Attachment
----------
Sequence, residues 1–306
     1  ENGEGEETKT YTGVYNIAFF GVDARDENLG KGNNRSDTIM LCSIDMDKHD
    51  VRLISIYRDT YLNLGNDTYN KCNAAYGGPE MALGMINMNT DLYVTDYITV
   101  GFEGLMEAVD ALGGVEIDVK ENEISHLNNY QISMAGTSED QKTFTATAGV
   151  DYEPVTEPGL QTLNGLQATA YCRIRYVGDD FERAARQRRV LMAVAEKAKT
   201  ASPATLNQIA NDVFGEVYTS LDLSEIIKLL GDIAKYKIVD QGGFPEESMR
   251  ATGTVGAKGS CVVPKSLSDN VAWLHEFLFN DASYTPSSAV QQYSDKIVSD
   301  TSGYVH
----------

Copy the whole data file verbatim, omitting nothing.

Sequence, residues 1–306
     1  ENGEGEETKT YTGVYNIAFF GVDARDENLG KGNNRSDTIM LCSIDMDKHD
    51  VRLISIYRDT YLNLGNDTYN KCNAAYGGPE MALGMINMNT DLYVTDYITV
   101  GFEGLMEAVD ALGGVEIDVK ENEISHLNNY QISMAGTSED QKTFTATAGV
   151  DYEPVTEPGL QTLNGLQATA YCRIRYVGDD FERAARQRRV LMAVAEKAKT
   201  ASPATLNQIA NDVFGEVYTS LDLSEIIKLL GDIAKYKIVD QGGFPEESMR
   251  ATGTVGAKGS CVVPKSLSDN VAWLHEFLFN DASYTPSSAV QQYSDKIVSD
   301  TSGYVH